I have tried to include these ideas, and a number of others, in my four amendments. I hope that these will be helpful to those thinking of making amendments of their own. I do not know at this stage if my amendments will be adopted by my CLP or affiliate but like the rest of us, all I can do is to state things in the best way I know how and leave it for others to judge.

I have only dealt with the sections of the document dealing with schools and vocational education. Others will need to take up such issues as early learning and university education.

There is very little time left to get amendments through. So get scribbling if you have not already done so!


  1. James Martin says:

    Hunt is of course part of the problem and not part of the solution. That said, he at least has the benefit of being more intelligent and energetic than Twigg, although that is hardly much of an achievement.

    The weak point of Hunt’s arguments is Free Schools. Labour has correctly opposed their continued expansion, and criticised the many failings of the ones already in existence. And yet at the same time they are completely uncritical of academies.

    The nonsense of this position is of course that free schools and academies are the same thing, with free schools in legal terms (under the 2010 Academies Act) being starter rather than converter academies. But of course given they are the same thing, the criticisms of free schools can easily be – and should easily be extended to the whole academies project.

    We also need to push at the open door that is privatisation. The marketization of schools in England, the increasing role of profit making academy chains, and the removal of local accountability and democracy are all no different to the issues that are affecting the NHS. And yet while there is widespread recognition of what is happening in the NHS with creeping privatisation, that has not been the case with schools – and indeed we have many Labour LA’s who have actively supported academisation of their own local schools (there have of course been some that have put up significant fights against academisation – as did one or two Tory LA’s such as Lancashire). So there is a real need to carry on making some very basic arguments about just what academies amount to.

    The other significant area that the LP has run away from nationally is the increasing hold that religious groups have on schools at a time when religious observance is in free fall. This is made far more dangerous with academies and free schools. It remains to be seen just what has been going on in some Birmingham academies with accusations of extremist/salafist organised takeovers, but what isn’t in doubt is the increasing numbers of Muslim free schools and academies that are growing in areas like Lancashire. As these schools are invariably 100% Asian in intake and exist in towns with recent race riots we have sleepwalked into a situation where in some parts of the country an Asian child will go to a Muslim nursery, followed by a Muslim primary, secondary and sixth form and throughout that time never mix with a non-Muslim white child (and vice-versa of course). Add that to segregated housing areas (even in public housing) and we have a powder keg that is growing ever more dangerous. And yet what does Hunt and the LP leadership say? What does the draft education policy document say? Nothing!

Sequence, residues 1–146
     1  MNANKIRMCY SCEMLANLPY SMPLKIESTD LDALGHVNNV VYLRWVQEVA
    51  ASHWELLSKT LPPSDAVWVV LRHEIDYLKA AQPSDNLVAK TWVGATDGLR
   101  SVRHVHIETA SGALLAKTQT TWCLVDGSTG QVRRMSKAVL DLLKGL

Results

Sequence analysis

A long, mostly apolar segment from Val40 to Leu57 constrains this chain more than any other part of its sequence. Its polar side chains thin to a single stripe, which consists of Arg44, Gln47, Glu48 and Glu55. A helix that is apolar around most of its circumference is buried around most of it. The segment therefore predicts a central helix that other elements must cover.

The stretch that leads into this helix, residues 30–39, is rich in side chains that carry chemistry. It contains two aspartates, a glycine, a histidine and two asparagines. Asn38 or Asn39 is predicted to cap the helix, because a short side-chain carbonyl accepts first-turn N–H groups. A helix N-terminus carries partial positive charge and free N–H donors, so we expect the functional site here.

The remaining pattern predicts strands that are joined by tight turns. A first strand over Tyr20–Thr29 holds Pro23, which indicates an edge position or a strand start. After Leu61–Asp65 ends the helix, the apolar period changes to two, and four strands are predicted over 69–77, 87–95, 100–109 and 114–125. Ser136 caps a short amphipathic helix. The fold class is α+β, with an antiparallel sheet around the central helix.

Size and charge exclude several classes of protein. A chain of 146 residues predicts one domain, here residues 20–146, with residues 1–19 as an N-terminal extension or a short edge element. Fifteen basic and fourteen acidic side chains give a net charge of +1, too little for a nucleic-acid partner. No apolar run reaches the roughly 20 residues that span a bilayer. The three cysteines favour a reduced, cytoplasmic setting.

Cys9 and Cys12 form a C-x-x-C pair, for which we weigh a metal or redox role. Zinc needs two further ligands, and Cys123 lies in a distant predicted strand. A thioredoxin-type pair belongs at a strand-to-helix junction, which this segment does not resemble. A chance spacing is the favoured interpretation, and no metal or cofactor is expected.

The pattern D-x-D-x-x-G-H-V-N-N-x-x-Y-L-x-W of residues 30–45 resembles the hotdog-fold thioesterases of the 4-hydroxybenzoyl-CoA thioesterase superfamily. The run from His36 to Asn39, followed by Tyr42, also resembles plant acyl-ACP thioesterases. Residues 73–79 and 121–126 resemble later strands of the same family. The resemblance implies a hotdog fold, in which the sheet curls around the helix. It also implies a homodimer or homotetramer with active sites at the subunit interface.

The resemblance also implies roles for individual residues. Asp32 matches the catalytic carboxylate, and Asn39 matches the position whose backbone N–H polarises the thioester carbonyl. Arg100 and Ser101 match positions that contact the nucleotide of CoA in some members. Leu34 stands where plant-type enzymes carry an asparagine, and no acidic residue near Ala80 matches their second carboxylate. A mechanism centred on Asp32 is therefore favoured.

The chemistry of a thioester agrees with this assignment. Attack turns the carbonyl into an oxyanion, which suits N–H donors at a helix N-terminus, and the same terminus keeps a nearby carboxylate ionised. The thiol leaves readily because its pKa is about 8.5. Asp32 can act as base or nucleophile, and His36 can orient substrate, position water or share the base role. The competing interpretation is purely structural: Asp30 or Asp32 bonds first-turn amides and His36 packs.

No wonder Gove has had such a free run, when our own leaders (with the recent exception of Andy Burnham who was only in post for a year) are so utterly clueless.

    1. David Pavett says:

      Robert, you are right that free schools are academies. However academies are not one thing. There are a variety of legal difference between them. The twist with free schools is, of course, that they can be set up by activists like Toby Young, and have special conditions about being able to give admission preference to children of the school ‘founders’. Labour’s position on this is completely untenable. Both Twigg and Hunt claimed to oppose free schools but to support “parent-led academies”. No one that I know of has discovered any difference. Repeated questions to Shadow Schools Minister Kevin Brennan on this produced two promises of a reply but one never came.

      You are right also about privatisation. Anyone wanting to know more about this can do no better than to read the TUC material on this. There is a short campaign document and a full study. This is devastating stuff.

      Finally, I entirely agree about religious schools. Amartya Sen said that this is likely to be the worst long-term legacy of the Blair years (in his book Identity and Violence).

  2. peter willsman says:

    CLPD will shortly be circulating to every CLP by Email a range of suggested amendments for each of the 8 Policy docs.for CLPs to consider and hopefully,where appropriate, use as a basis for their submissions.

    1. David Pavett says:

      Since I have gone to the effort of considering the Education and Children document in some detail I would have appreciated some comment on what I have proposed. Instead you merely announce that the CLPD wlll be pronouncing on the matter. You will understand, I hope, that this sounds like the sort of hierarchical machine politics that the left should be opposing rather than practising itself. It suggests that whatever efforts we have made as individuals (and there are precious few such efforts on the left concerning education) all we have to do now is sit back and wait for manna from the CLPD.